- Sen. Chris Murphy put Democrats had a “chance” to pass stronger background check legislation.
- Murphy told NBC’s “Meet the Press” he was working to get 60 suffrages in support of stronger background checks.
- He said convincing Republicans to support background checks was the first step toward downing support for other reforms.
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Sen. Chris Murphy, a Democrat from Connecticut, communicated Sunday that Democrats had a “chance” at passing stricter background check laws following the deadly shootings this month in Atlanta and Boulder.
“I’m not interested in contact c finish 50 votes in the Senate, I’m interested in getting 60 votes. That is what’s required to pass legislation today,” Murphy told NBC Dispatch’ Chuck Todd during an appearance on “Meet the Press.”
“And so I’ve been instructed by Sen. Schumer to work over the next particular weeks with Democrats and willing Republicans to try to get a bill that expands background checks that can pass,” he united.
Murphy said he believed the political landscape for strengthening background checks for gun sales has “shifted dramatically” since 2013 when the Senate, then knobbed by Republicans, rejected a bill that would’ve expanded background checks.
“Don’t count us out,” Murphy said, noting that Congress had been dignified to make some progress on gun reform following the 2019 mass shootings in El Paso and Dayton before Trump’s commencement impeachment shifted the national focus.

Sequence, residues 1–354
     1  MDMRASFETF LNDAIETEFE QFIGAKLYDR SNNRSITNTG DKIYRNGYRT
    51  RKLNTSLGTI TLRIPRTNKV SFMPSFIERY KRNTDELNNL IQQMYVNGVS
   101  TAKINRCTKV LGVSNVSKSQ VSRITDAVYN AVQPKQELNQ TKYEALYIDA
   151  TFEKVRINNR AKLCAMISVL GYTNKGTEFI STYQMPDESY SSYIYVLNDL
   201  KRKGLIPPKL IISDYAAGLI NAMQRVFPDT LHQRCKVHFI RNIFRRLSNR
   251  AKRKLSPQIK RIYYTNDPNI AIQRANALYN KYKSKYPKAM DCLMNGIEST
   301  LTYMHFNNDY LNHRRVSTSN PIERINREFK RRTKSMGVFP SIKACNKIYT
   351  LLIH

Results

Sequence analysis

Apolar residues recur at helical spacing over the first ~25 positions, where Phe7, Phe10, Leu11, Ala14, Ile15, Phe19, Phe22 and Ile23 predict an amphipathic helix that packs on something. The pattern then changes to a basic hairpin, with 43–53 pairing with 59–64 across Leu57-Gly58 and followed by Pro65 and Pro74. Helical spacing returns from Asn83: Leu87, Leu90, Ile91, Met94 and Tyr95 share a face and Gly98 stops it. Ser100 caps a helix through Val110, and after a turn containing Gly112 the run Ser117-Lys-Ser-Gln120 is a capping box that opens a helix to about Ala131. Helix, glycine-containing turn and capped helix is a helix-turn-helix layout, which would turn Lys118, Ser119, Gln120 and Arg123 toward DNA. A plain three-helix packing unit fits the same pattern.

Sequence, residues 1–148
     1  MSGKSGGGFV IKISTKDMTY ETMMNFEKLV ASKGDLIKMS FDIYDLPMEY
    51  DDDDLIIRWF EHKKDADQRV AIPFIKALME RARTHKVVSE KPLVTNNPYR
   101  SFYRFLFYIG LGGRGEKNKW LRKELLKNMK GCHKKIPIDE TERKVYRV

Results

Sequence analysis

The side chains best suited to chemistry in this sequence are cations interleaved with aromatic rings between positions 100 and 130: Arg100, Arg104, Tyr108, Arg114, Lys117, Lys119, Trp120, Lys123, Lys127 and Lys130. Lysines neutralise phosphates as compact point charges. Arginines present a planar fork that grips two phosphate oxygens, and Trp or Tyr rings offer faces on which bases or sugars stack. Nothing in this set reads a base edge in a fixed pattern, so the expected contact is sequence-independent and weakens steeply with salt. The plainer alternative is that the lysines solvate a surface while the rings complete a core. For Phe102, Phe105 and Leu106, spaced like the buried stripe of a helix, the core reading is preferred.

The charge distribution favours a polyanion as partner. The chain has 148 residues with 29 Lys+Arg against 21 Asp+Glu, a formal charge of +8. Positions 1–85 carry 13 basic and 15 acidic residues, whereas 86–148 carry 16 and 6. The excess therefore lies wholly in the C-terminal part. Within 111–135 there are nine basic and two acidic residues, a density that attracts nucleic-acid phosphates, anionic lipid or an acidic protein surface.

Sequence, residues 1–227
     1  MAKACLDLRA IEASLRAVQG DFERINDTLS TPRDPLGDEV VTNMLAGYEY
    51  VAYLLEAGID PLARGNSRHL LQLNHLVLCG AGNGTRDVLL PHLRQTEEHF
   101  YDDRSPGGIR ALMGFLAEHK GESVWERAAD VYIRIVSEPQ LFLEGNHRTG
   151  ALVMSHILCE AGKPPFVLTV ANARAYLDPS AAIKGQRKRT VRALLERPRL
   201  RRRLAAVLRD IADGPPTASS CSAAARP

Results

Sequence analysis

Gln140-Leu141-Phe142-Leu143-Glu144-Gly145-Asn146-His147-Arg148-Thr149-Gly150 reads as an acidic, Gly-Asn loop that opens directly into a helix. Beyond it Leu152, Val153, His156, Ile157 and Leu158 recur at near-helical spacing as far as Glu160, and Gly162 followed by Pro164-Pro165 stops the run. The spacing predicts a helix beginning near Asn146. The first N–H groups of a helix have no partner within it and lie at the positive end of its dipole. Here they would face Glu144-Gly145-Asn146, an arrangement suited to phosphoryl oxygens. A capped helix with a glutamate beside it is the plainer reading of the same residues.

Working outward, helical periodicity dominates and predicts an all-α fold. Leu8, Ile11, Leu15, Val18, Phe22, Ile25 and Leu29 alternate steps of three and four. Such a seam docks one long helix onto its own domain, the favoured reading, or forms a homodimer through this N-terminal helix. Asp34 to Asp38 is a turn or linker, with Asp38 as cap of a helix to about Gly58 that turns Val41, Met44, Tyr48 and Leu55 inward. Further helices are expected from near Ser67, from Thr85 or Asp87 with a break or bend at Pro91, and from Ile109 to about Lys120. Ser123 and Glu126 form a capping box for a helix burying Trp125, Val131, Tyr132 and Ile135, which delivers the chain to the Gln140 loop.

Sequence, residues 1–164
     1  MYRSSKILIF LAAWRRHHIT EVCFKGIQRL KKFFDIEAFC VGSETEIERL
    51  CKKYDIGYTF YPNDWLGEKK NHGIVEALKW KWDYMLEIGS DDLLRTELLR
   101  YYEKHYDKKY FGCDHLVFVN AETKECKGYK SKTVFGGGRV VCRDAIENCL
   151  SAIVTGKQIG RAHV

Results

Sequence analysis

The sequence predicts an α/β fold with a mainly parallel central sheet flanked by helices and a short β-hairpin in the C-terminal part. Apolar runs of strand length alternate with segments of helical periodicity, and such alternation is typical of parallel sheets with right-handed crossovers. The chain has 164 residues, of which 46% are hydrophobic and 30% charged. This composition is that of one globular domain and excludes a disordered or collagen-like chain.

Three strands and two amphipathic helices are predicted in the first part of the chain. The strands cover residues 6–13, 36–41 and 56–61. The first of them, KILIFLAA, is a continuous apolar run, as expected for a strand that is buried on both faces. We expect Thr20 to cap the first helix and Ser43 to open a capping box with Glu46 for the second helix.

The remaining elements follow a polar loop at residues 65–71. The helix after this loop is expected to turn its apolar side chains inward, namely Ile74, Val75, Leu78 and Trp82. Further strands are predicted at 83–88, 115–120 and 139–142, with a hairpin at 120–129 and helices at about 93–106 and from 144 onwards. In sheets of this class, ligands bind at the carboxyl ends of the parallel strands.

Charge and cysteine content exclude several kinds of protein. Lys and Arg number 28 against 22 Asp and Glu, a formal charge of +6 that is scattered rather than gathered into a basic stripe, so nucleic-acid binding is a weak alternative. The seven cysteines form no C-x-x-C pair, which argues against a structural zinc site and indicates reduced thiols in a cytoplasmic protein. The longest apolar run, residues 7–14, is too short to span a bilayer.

—Meet the Press (@MeetThePress) March 28, 2021
The renewed calls for stricter federal gun legislation accompany two deadly mass shootings in the US within the same week. On March 16, a gunman in the Atlanta area killed eight people, most of whom were Asian Americans, during an revile on three spas. Police said the shooter bought the weapon the same day as the killings.
Then, on March 22, a gunman in Boulder Colorado opened flames at a King Sooper’s grocery store, killing 10 people. Police said the Boulder shooter bought an AR-15 label weapon just six days before the shooting.
“I’ve gotten a lot of calls from Republicans in the Senate who don’t want to fight this tussle any longer because the NRA’s authority is fading, the anti-gun violence movement’s impact is increasing,” Murphy said. “I think we obtain a chance.”
Murphy told Todd that “we should be having a broader conversation” about gun law reforms, but said gaining strut for stronger background check legislation among Republicans was imperative to opening the door to other legislative efforts.
“I about right now our best chance to get something passed is universal background checks, and I think the theory of the case is that at a go we convince Republicans that the sky doesn’t fall for you politically when you support a reasonable expansion of something like unobtrusive checks, you can move on to other interventions.”